Bird Report - July 2015

We had a nice sighting at the beginning of the month when on a walk down the track to Sandside Bay; no less than 5 Wrens crossed the path and flew into the bushes - obviously a family group. It is very rare to visit Sandside and not hear or see a Wren, either down by the burn which runs alongside the track or on the beach. It's a tough little cookie and seems unfazed by exposed situations. On the same day there was a Snipe on a fencepost which indicates chicks nearby. It's a pleasure to walk down the track to Sandside just now as there are lots of Wild flowers in bloom and worth the walk just to see them.

(Photo of Early Marsh Orchid at Sandside by Pauline Wilson)

I had a walk down to Dingieshowe and passed the field near the bottom of the hill which had recently been cut for silage. I counted 100 Oystercatchers, several Lapwings, Black-headed Gulls, Common Gulls with Starlings also joining in the frantic dig for food. Just before the car park three small birds flew into view which turned out to be 2 Meadow Pipits and a male Linnet which was sporting a lovely red breast. There were no birds on the beach at Dingieshowe but quite a number of Fulmars were sat on the cliffs in the far distance. I believe they are the last species to leave the breeding cliffs.

Of course, it has been a disastrous year for farmers so a lot of fields remain uncut making bird-spotting more difficult than normal.

No problem on our front lawn though as 3 Oystercatchers were pecking about and a look through the binoculars confirmed that one was a juvenile bird hatched this year. A new species for us at Sunnybank is the Collared Dove and we now regularly have two of these visiting our feeder.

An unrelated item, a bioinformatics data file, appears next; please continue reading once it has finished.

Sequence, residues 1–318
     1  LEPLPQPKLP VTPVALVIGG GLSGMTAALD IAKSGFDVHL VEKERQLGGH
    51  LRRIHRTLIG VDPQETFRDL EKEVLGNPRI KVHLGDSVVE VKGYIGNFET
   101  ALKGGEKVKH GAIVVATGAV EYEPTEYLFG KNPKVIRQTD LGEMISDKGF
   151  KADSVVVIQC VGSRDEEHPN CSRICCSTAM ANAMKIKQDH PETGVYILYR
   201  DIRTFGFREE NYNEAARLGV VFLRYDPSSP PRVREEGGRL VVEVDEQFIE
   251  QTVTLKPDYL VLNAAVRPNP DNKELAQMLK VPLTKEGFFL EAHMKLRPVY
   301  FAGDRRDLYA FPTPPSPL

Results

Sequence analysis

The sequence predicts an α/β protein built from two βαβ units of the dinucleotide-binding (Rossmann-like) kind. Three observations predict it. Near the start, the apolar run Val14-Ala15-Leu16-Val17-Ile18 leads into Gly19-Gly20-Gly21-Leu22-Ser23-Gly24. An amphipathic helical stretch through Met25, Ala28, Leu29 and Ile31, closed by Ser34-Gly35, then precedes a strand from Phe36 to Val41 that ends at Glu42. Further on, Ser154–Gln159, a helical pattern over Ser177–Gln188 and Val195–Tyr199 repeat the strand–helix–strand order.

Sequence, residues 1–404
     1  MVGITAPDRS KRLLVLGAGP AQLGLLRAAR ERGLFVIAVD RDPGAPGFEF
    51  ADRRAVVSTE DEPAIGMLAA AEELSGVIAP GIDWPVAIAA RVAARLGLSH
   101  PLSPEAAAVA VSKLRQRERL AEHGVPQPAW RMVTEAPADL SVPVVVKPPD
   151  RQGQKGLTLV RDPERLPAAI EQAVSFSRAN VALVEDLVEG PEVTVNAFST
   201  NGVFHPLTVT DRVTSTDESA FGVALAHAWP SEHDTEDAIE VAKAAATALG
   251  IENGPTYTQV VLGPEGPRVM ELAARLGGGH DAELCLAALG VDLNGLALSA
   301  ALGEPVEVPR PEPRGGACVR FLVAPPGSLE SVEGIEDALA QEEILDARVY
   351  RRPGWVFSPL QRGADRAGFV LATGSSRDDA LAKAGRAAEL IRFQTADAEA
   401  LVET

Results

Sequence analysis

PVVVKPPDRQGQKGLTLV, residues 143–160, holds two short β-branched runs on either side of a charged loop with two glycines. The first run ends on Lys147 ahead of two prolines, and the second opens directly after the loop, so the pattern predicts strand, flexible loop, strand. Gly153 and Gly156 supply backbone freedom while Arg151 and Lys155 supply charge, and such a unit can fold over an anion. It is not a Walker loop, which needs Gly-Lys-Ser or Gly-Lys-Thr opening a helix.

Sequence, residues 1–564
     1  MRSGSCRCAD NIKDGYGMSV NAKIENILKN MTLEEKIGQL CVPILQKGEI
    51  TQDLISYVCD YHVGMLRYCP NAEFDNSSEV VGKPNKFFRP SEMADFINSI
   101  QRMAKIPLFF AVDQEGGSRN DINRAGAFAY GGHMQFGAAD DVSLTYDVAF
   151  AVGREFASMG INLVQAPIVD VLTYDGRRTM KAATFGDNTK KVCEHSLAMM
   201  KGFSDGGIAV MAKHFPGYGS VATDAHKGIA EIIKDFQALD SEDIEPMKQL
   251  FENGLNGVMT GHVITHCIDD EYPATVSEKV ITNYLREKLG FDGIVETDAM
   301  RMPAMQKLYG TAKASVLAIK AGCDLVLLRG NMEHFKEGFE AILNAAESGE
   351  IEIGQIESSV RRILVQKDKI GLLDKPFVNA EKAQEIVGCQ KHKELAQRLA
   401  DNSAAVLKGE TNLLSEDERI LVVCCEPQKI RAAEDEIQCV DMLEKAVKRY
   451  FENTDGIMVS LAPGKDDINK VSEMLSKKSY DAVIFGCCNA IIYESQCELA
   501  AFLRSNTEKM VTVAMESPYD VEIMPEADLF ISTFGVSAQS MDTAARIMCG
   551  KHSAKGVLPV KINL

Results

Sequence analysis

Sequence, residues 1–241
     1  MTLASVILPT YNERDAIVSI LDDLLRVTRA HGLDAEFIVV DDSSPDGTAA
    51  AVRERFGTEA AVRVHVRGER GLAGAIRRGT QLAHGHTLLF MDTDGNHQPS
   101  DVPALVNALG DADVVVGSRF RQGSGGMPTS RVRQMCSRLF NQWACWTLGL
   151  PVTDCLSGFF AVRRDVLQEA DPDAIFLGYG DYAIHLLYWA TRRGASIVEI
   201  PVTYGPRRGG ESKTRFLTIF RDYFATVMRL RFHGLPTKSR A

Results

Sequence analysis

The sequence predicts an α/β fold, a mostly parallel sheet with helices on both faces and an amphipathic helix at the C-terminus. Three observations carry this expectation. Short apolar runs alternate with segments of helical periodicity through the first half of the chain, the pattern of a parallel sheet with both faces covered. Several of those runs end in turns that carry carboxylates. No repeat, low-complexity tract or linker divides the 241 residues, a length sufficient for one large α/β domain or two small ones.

Easily seen just now are Meadow Pipits and Swallows; both species will be feeding young.

On July 19th I had a run to the Gloup Car Park and immediately saw a pair of Linnets, the male's red breast being hard to miss. Two Hooded Crows were on the road and these were being angrily harassed by a Lapwing who obviously had chicks in the nearby field.

Once again, plenty of Meadow Pipits were flying about. I had a sighting of a Pied Wagtail while a Curlew was perched on a fence-post, obviously keeping an eye on a family of chicks.

I had a nice trip with RSPB Orkney to the Holms of Copinsay and Sidney Foubister steered the boat to the best spots to see wildlife. There were Seals a-plenty, posing nicely for our cameras. Quite a number of Puffins came close to our boat and we saw Guillemots, Razorbills, Tysties, Shags, Bonxies, and a few Arctic Terns. It was a fine way to pass a Sunday afternoon.

(Photo of Puffins by Pauline Wilson)

I must say I have not seen one juvenile Blackbird so far this year. I wonder why? Could it be cats? I just don't know. Blackbirds do seem to nest in vulnerable places. Plenty of young Starlings, Sparrows, Greenfinches though so we still have plenty to see when we look out of the back window.

Pauline Wilson